Socio-economic, climate and agricultural stress on water resources have resulted in increased global demand for water while at the same time the proportion of potential water resources which are adversely affected by sodification/salinisation, metals, nitrates, and organic chemicals has increased. Nano-zero-valent metal (n-ZVM) injection or placement in aquifers offers a potential partial solution. However, n-ZVM application results in a substantial reduction in aquifer permeability, which in turn can reduce the amount of water that can be abstracted from the aquifer. This study using static diffusion and continuous flow reactors containing n-ZVM and m-ZVM (ZVM filaments, filings and punchings) has established that the use of m-ZVM does not result in a reduction in aquifer permeability. The experimental results are used to design and model m-ZVM treatment programs for an aquifer (using recirculation or static diffusion). They also provide a predictive model for water quality associated with specific abstraction rates and infiltration/injection into an aquifer. The study demonstrates that m-ZVM treatment requires 1% of the weight required for n-ZVM treatment for a specific flow rate. It is observed that 1 t Fe0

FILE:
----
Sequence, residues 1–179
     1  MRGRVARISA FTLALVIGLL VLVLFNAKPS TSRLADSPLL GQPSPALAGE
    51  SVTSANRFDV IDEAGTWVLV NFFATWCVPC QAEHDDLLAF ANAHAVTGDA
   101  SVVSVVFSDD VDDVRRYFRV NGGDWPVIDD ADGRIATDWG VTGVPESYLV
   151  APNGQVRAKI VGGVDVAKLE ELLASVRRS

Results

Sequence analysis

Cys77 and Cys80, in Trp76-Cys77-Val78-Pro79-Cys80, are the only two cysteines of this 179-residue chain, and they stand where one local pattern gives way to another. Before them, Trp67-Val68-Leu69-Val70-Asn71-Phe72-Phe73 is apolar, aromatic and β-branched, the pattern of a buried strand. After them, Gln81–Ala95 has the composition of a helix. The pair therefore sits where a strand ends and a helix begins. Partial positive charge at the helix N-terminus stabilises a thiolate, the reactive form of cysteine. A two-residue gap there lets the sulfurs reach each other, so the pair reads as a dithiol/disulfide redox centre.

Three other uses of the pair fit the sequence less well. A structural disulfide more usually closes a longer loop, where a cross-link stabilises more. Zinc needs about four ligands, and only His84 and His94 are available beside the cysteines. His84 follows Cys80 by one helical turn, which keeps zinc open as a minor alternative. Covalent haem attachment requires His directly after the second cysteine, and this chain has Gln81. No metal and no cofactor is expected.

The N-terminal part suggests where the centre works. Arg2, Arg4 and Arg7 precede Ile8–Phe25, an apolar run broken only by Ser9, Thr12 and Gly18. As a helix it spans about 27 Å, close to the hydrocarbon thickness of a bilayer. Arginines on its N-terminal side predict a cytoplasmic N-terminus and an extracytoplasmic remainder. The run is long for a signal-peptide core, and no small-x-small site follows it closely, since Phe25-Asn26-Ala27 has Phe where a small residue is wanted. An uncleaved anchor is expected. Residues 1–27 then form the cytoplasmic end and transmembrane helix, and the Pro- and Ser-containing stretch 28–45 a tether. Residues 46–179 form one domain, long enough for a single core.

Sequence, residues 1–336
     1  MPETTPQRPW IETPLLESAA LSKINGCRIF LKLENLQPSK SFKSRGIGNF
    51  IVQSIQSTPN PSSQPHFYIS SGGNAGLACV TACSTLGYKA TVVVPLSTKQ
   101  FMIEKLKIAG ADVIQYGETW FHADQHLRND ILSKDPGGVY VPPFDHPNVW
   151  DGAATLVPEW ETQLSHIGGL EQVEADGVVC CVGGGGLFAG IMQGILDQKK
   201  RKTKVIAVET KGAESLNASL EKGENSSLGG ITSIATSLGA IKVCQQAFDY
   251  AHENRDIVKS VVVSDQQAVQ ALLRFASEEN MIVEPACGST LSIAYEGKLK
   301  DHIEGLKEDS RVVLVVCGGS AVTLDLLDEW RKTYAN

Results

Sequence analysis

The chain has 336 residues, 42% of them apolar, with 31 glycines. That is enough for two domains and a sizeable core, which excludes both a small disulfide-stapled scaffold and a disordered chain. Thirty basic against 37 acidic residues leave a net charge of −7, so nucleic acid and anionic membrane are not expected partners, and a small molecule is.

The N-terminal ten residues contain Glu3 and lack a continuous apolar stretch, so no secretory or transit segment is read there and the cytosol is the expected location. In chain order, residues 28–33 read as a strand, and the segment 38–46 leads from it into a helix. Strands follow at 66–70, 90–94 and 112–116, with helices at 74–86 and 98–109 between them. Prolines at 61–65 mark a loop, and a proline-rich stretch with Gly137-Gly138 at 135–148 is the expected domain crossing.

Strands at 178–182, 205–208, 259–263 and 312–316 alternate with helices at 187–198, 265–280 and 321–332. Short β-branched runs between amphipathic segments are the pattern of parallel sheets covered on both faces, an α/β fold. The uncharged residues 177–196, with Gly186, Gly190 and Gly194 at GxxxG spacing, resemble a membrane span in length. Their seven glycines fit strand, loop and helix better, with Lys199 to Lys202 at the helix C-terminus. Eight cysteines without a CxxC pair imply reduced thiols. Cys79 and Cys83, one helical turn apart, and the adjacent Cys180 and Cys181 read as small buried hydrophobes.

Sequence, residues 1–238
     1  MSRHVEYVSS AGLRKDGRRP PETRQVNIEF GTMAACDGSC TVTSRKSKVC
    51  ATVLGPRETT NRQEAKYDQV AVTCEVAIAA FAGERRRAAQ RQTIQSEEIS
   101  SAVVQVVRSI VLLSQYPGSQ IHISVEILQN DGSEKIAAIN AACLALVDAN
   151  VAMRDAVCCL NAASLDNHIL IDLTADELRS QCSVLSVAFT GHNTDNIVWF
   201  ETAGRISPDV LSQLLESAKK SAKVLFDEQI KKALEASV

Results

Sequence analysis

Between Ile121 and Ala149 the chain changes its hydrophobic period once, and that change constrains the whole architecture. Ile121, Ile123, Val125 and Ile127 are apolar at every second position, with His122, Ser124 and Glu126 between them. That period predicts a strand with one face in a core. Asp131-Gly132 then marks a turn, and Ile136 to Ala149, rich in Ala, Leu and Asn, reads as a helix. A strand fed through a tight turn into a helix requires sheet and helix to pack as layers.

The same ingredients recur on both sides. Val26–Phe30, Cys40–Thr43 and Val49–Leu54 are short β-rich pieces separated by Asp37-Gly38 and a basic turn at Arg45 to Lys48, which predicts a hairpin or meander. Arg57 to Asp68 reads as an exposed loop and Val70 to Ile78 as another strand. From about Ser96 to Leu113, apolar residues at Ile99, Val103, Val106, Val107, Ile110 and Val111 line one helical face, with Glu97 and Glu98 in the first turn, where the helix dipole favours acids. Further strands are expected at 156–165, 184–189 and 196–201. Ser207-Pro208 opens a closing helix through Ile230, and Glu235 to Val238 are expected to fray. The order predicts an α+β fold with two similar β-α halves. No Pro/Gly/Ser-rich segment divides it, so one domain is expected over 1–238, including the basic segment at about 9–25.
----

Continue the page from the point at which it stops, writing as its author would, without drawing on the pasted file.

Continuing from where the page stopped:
will process 23,500 m3
of abstracted or infiltrating water. m-ZVM is able to remove >80% of nitrates from flowing water and adjust the water composition (by reduction) in an aquifer to optimize removal of nitrates, metals and organic compounds. The experiments demonstrate that ZVM treatment of an aquifer can be used to reduce groundwater salinity by 20 –> 45% and that an aquifer remediation program can be designed to desalinate an aquifer. Modeling indicates that widespread application of m-ZVM water treatment may reduce global socio-economic, climate and agricultural stress on water resources. The rate of oxygen formation during water reduction [by ZVM (Fe0
)] controls aquifer permeability, the associated aquifer pH
, aquifer Eh
and the degree of water treatment that occurs.